April 7th, 2014 · No Comments · By

Nick Drake / Fruit Tree (the complete recorded works) (Island Records, Hannibal Records)


What could be more appropriate on this drippy day than talking about the Nick Drake trilogy: Five Leaves Left (1969), Bryter Layter (1970) and Pink Moon (1972)? I’m not going to insult your intelligence by explaining the albums’ cult status, or talking about the singer more tortured than Kurt Cobain or Ian Curtis (who shared a similar end)…1969 — The music of Nick Drake began with a introspective first album: a succession of complex psych/folk songs with incredibly gracious moments showcasing acoustic guitar skill and a production full of finesse. 1970 — Though this first opus was not a success, his second, even if it is equally melancholic, didn’t fall into the bitterness trap and Drake even mocks himself and puts on jazzy airs with arrangements just as subtle as the first. 1972 — Still misunderstood at this point, his third and last album saw him at his lowest point. The album is understandably more austere, stripped of all orchestral ornament, yet even more sublime with delicate guitar chords and Drake’s bewitching voice. But the dice have been thrown; “The Mass has been said” (as we say back home) and it’s with this baroque and deeply disturbing oeuvre that he ended it all at 26 years old, creating the arc that would finally give immortality to his songs.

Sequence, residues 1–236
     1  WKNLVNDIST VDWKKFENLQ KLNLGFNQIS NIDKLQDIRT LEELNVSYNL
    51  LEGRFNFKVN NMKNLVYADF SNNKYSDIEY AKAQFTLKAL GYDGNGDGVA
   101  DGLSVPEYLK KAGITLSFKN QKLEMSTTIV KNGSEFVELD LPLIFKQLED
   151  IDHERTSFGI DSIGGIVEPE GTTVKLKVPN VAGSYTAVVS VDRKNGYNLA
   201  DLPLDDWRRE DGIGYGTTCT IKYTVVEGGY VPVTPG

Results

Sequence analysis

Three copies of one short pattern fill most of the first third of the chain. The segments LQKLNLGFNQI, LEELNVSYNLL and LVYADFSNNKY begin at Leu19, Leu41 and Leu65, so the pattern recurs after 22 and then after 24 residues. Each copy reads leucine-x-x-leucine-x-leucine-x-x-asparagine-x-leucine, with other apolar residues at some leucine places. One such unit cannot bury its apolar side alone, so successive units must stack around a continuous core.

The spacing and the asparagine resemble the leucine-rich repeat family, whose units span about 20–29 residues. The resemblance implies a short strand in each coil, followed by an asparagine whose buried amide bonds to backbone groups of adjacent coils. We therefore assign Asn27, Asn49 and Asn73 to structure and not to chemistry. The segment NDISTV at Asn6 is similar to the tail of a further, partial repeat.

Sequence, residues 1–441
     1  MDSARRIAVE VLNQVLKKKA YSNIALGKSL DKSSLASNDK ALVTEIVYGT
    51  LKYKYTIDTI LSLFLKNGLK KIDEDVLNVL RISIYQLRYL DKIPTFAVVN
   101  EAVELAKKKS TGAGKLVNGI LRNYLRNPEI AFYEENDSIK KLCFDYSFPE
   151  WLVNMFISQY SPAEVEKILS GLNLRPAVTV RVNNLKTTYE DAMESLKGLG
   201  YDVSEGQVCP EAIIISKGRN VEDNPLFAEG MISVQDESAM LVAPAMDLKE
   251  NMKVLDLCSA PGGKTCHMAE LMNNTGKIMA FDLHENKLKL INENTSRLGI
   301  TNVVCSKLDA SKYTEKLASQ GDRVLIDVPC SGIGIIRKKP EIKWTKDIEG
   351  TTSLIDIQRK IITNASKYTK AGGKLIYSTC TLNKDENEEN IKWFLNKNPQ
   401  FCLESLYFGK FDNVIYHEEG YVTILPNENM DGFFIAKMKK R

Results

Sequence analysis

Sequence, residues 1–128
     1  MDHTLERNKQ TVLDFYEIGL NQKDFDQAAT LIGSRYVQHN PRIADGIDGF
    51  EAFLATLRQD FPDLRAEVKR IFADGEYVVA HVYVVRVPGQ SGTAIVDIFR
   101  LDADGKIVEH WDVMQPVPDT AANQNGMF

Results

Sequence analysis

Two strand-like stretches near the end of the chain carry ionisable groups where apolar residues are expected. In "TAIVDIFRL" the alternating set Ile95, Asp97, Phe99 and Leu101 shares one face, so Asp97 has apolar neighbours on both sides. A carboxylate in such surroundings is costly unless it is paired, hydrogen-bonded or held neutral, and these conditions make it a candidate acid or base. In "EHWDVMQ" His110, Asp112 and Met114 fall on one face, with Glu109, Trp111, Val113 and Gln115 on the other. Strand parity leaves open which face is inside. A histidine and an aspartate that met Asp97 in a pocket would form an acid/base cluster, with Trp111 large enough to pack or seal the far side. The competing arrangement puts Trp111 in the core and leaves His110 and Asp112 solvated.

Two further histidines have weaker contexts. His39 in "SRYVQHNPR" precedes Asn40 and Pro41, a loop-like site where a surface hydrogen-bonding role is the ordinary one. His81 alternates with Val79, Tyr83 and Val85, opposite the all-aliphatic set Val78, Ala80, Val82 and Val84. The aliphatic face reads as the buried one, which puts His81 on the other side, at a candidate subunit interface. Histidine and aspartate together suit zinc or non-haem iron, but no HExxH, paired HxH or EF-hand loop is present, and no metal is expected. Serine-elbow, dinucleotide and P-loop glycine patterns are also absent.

Ed. Note: Melody Supreme, located at 115 4th St. SE off the Downtown Mall, is Charlottesville’s best record store. The owner Gwen Berthy has impeccable taste and a curatorial hunger matched by few. One of my favorite parts of the store is Gwen’s handwritten notes on records. Le DISQUE DU LUNDI is Gwen’s online version of those recommendation gems–posted on Nailgun and available for purchase at Melody Supreme.

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